Area Forecast Discussion
Issued by NWS Mt. Holly, NJ

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FXUS61 KPHI 231843

Area Forecast Discussion
National Weather Service Mount Holly NJ
143 PM EST Thu Feb 23 2017

A cold front moving through the Great Lakes today will stall
just north of our region tonight into Friday, before lifting
northward as a warm front Friday night. This will be followed by
a strong cold frontal passage on Saturday evening. High
pressure will traverse the middle Atlantic Sunday into Monday. A
frontal boundary will setup near our region during the early to
middle part of next week, and several waves of low pressure are
expected move along it.


Residual stratus deck from this morning had mixed out a bit
earlier than previously anticipated. A cold front was analyzed
well to our west across the eastern Great Lakes and Midwest
region early this afternoon. The leading edge of the CU field in
the pre-frontal warm sector was moving into our far western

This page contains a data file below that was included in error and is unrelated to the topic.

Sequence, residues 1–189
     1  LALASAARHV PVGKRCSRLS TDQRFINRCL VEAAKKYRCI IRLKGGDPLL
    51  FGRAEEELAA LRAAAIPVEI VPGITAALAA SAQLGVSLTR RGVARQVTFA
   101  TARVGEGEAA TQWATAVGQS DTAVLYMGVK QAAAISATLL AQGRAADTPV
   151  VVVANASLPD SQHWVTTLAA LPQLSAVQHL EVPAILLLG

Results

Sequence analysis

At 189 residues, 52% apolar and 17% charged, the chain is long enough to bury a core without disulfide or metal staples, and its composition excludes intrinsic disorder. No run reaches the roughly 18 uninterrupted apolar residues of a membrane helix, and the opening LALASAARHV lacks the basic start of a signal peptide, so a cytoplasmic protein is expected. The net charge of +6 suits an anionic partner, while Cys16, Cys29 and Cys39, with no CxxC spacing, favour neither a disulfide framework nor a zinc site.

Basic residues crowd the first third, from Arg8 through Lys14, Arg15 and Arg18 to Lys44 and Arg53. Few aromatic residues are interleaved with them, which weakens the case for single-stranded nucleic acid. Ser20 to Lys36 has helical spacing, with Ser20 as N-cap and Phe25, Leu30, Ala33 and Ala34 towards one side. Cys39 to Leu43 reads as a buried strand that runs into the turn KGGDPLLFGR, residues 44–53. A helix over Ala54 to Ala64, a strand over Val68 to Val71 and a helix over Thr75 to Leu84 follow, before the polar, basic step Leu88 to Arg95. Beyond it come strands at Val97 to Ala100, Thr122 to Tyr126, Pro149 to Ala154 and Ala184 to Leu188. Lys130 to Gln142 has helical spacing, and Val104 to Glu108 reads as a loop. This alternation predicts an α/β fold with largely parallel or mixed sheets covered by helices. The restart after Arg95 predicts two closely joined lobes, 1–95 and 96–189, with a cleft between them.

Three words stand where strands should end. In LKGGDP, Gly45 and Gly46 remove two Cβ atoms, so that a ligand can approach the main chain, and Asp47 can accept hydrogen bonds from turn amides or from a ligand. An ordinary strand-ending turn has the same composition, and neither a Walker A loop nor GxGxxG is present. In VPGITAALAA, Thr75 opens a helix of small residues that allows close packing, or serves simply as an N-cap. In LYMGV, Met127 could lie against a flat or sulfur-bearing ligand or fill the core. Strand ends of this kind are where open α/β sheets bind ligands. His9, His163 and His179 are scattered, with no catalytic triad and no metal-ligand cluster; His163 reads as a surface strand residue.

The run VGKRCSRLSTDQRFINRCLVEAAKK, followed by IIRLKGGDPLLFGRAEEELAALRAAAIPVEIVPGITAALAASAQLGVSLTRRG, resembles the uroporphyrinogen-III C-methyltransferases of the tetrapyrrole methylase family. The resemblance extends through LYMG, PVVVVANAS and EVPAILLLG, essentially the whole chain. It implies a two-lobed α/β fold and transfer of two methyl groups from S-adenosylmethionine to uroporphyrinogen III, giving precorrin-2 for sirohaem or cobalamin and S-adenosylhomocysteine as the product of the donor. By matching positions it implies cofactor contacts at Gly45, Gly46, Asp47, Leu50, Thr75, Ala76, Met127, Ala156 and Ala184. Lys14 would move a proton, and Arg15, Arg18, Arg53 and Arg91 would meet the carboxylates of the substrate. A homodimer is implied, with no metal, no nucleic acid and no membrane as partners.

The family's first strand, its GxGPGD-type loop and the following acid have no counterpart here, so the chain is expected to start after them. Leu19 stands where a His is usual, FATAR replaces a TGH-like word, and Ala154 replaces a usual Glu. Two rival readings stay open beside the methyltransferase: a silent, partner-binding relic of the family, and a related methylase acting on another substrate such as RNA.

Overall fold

zones of eastern PA. Otherwise, plenty of sunshine during peak
heating will allow for temperatures to reach their full
potential as we mix down the warm air aloft. Temperatures were
adjusted upward across the entire area, most notably across
eastern PA and central NJ, where we previously had kept them
lower in anticipation of a cloudier start to the afternoon. High
temperatures with the early afternoon update range from the
mid/upper 60s north and west of the Fall Line to the lower 70s
along the I-95 corridor and mid 70s farther southeast in the
coastal plain of southern NJ and Delmarva. However, it will be
considerably cooler (upper 50s-mid 60s) at the beaches due to
the influence of the colder ocean waters.


Our region should be more solidly in the warm air for tonight.
As a result, we may see more stratus than fog development except